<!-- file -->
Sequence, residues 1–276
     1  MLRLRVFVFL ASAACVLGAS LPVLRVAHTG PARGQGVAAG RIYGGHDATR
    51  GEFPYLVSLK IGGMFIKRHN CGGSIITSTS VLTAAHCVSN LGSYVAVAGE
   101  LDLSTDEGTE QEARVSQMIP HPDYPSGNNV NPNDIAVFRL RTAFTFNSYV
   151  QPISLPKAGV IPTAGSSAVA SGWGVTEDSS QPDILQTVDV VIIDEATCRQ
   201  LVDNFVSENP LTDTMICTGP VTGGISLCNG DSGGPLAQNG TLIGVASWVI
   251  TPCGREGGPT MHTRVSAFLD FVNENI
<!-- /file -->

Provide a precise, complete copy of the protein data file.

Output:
Sequence, residues 1–276
     1  MLRLRVFVFL ASAACVLGAS LPVLRVAHTG PARGQGVAAG RIYGGHDATR
    51  GEFPYLVSLK IGGMFIKRHN CGGSIITSTS VLTAAHCVSN LGSYVAVAGE
   101  LDLSTDEGTE QEARVSQMIP HPDYPSGNNV NPNDIAVFRL RTAFTFNSYV
   151  QPISLPKAGV IPTAGSSAVA SGWGVTEDSS QPDILQTVDV VIIDEATCRQ
   201  LVDNFVSENP LTDTMICTGP VTGGISLCNG DSGGPLAQNG TLIGVASWVI
   251  TPCGREGGPT MHTRVSAFLD FVNENI